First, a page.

That’s a great list should we try and map out your excel data?
That 5 million house is in my neighborhood and everyday when I drive by I think how insane it is. Who has this much cash? I don;t know. But someone is obviously buying these houses. This was a pretty standard 1960’s ranch previously.
Developer could have easily built 3-4 $2 million townhomes on this lot. But the Nimby’s would have had a fit with it ruining the neighborhood. In my mind, a $5 million McMansion ruins the character of the neighborhood more.
Sorry to be yet another responder to your first post here. Welcome to the DTR Community!
There is another, simpler point to be made about “missing middle”, which is really just any housing between a SFH and a mega apartment building.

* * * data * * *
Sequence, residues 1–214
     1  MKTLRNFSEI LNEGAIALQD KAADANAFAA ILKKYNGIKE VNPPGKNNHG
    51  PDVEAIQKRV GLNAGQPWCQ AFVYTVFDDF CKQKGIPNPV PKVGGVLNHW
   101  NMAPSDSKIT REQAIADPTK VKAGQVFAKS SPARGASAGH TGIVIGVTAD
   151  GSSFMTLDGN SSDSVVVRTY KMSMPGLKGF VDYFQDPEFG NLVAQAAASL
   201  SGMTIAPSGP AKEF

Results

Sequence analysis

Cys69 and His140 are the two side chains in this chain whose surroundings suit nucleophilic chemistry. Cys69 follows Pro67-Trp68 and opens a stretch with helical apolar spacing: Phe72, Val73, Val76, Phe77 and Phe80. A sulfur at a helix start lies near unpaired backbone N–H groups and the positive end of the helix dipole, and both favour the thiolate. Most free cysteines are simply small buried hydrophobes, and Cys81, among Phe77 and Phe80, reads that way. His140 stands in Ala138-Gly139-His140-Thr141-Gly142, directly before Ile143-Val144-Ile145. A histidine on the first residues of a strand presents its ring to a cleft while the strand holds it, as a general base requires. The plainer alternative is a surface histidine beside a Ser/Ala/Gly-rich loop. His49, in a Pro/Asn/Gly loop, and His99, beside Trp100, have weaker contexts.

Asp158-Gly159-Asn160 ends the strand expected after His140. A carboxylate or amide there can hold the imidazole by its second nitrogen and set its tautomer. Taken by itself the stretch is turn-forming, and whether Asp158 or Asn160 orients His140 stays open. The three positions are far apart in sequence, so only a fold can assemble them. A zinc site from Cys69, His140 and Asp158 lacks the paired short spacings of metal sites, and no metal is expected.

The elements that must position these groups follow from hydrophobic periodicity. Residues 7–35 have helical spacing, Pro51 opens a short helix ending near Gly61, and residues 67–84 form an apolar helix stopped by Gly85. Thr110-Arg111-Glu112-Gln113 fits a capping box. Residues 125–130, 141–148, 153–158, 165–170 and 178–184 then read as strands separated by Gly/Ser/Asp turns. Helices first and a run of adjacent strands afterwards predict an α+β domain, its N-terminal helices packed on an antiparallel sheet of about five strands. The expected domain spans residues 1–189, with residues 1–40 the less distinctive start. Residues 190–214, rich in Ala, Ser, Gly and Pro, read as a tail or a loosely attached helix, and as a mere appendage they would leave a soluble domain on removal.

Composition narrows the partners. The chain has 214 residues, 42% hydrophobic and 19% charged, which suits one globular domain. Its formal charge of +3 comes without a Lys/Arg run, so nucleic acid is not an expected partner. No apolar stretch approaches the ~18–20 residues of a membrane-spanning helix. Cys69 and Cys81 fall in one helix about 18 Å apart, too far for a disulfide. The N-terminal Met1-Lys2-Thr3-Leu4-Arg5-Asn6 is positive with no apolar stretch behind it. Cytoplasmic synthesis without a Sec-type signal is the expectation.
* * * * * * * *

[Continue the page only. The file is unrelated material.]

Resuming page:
- Larger homes cost more, so legalize smaller ones
- Property is expensive, so let multiple families split its cost
Pointing at luxury townhomes and saying missing middle is a scam is totally missing the point. The point is that we’ve lived in a development pattern that has prioritized and even subsidized single family homes via uneconomical land restrictions that ultimately create scarcity and drive up housing costs. We’ve deregulated those land restrictions somewhat, and it needs to stay that way. If a private owner of a SFH wants to sell to another entity that wants to split the SFH into apartments, or tear down and convert to townhomes/micro apartments, that is the free market working to provide more housing where demand is highest.
We need to allow the market to show us where our value is as it places more housing, retail, and services in those areas, and we need to get out of the market’s way as this natural human process unfolds.